Tweens and teens are leaving Facebook in droves because that's where their parents hang out. And some of the apps they are gravitating to are a bit scary, to say the least.
We've learned those apps are a gateway for pedophiles and pornography websites preying on kids' posts. Monday morning, we will show you some of the apps that need the delete button to keep our tech-savvy teens safe in the digital age.
Seven-year-old Billy Vega is starting his day with a game on his iPad. His mom, Carey Sue Vega is nearby making breakfast.
Vega not only has rules of when and where Billy can play on his tech devices, but what apps are allowed on them.
"Our parents wanted to know who we were playing with and about their family's house," said Vega. "In a sense, parents are letting their kids ‘play' on apps and know nothing about them."
That's why she researched apps she was seeing time and time again on teens' and tweens' phones and tablets. She found about four apps in particular.
"Many of these apps were created with ill intent…in the hands of kids," Vega said.
Vega said Snap-chat may be the scariest. Pictures are supposed to disappear seconds after the message is sent. However, not only does it remain on the server, but porn sites have taken the pictures to power their own sites. Kids don't know that.
"The kids they're interacting with aren't really kids. They're pedophiles posing as cute young boys or girls," Vega said.
That's the reason mom of two, Christy Grable, was quick to set rules with technology privileges.
"Know their passwords, you have the right to. Check their stuff whenever you want to," Grable said.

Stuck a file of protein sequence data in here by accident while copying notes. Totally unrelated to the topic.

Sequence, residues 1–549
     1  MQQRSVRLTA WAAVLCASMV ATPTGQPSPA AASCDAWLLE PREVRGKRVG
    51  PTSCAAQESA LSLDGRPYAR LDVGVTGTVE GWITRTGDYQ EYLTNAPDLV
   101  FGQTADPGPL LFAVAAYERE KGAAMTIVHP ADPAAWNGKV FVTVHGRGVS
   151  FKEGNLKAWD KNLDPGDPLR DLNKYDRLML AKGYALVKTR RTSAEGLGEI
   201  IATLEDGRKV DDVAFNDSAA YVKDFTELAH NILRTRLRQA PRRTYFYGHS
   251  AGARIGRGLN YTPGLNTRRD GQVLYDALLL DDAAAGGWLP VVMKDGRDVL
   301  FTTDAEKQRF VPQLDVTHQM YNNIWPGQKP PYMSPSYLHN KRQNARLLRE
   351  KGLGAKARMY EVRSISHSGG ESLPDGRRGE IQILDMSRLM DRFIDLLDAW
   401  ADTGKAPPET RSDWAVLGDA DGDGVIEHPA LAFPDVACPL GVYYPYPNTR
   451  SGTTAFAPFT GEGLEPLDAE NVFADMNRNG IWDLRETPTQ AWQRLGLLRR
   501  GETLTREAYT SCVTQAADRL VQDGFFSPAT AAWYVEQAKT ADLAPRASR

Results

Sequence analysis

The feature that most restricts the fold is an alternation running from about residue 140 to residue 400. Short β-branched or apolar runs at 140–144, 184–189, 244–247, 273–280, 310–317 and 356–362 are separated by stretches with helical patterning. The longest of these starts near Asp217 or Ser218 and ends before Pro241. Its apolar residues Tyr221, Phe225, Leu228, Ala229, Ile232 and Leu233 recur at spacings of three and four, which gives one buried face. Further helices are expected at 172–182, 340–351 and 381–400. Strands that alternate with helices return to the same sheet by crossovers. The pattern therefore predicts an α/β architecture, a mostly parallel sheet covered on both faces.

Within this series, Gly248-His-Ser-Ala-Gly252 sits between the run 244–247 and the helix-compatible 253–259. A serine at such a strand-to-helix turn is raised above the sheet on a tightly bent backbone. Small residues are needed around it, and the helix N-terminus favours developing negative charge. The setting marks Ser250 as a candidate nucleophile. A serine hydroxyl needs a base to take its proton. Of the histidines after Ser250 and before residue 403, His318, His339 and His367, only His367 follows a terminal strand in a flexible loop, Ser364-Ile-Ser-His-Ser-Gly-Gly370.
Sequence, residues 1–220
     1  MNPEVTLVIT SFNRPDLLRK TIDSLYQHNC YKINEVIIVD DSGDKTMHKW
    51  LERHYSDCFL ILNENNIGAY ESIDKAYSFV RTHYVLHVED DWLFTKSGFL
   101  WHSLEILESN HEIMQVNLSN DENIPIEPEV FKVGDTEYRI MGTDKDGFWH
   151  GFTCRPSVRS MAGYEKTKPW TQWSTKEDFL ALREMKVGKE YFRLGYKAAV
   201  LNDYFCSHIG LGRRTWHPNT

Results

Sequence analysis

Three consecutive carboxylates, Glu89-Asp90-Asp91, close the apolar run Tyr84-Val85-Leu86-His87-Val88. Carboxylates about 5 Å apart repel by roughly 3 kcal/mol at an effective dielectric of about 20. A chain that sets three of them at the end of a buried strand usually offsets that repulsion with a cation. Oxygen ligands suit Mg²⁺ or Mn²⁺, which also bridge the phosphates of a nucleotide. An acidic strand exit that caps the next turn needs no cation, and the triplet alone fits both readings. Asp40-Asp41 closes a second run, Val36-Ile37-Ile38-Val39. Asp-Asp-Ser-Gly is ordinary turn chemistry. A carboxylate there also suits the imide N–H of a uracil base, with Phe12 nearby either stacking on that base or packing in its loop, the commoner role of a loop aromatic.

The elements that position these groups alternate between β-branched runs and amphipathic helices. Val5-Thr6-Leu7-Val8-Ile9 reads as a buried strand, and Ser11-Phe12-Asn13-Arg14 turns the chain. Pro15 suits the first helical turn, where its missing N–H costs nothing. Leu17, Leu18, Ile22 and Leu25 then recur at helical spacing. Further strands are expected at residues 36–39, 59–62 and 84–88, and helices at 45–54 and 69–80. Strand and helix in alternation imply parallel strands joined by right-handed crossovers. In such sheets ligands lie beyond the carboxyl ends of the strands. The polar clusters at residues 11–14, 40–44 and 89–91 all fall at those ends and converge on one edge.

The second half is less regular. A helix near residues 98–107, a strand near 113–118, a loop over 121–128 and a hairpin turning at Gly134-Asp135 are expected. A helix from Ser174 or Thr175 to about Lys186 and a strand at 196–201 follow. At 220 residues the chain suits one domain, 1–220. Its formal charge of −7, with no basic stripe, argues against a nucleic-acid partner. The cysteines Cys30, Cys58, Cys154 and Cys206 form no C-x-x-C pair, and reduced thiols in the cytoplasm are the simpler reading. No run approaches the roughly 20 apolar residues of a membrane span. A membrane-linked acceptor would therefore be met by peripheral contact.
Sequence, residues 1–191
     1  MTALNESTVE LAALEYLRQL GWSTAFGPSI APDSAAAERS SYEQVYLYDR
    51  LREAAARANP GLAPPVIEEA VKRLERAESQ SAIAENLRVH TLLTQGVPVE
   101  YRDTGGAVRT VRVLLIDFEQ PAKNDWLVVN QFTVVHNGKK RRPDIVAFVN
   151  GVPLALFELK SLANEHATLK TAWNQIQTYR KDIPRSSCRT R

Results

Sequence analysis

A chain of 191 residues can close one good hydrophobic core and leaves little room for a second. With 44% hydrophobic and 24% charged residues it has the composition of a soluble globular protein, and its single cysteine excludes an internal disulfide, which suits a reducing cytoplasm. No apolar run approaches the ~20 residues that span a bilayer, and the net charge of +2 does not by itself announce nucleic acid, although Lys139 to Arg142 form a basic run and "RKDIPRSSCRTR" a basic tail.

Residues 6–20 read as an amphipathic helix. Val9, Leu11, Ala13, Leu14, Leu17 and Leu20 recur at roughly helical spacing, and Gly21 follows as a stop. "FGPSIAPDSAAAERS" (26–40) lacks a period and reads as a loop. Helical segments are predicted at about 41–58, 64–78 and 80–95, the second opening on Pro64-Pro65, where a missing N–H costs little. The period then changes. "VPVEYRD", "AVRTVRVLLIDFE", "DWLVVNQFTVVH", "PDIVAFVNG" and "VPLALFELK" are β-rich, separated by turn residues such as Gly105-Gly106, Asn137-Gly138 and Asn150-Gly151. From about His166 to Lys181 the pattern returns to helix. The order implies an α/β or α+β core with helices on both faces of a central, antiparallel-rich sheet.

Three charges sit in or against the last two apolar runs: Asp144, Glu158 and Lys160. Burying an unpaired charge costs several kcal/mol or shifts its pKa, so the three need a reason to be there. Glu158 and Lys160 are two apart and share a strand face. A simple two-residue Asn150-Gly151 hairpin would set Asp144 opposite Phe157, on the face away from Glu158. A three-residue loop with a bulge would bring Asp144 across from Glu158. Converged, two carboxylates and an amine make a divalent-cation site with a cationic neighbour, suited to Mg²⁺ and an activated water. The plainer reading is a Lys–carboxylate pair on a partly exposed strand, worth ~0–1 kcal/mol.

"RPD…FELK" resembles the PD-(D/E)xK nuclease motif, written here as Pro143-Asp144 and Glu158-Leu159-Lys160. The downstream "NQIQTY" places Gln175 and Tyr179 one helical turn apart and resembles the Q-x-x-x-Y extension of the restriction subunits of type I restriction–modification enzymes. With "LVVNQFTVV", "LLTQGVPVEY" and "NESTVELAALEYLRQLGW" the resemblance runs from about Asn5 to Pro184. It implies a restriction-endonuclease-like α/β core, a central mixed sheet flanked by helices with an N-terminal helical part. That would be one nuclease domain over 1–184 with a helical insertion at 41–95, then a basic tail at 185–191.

It's standard procedure that her 13-year-old daughter turns in her phone every night before bed. Grable scrolls through texts, checks websites her daughter visited that day and scans activity on her apps.
"And, teens, it could follow you forever. And you can get in serious trouble for it," Grable said.
Vega's list continues with Kik, Whisper and Ask.fm, apps that have all been linked to cyberbullying, pornography, pedophiles, sexting and suicide. She said these apps have no place on your child's phone.
"Users can be anonymous and ask users anything. I mean anything," said Vega. "It gets really ugly. You add this tech where people can hide behind and be mean and evil. It's hard on kids."
As a mom who knows other users hide behind fake accounts as a way to text, and often, to prey on children, Grable wants to protect their innocence every way she can.
"Social media is important to them, and it needs to be important to us," she said.
Here's another tip. Watch for how other users interact with your children on common social media apps like Twitter and Facebook.
It's a sad fact, but online bullying has been linked to teen suicide in some cases.